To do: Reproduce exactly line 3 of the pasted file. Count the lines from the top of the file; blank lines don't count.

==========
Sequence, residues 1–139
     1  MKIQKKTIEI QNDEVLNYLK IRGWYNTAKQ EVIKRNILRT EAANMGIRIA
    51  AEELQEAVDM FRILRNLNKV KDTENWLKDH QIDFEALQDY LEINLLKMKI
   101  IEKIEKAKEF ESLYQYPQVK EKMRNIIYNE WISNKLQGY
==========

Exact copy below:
    51  AEELQEAVDM FRILRNLNKV KDTENWLKDH QIDFEALQDY LEINLLKMKI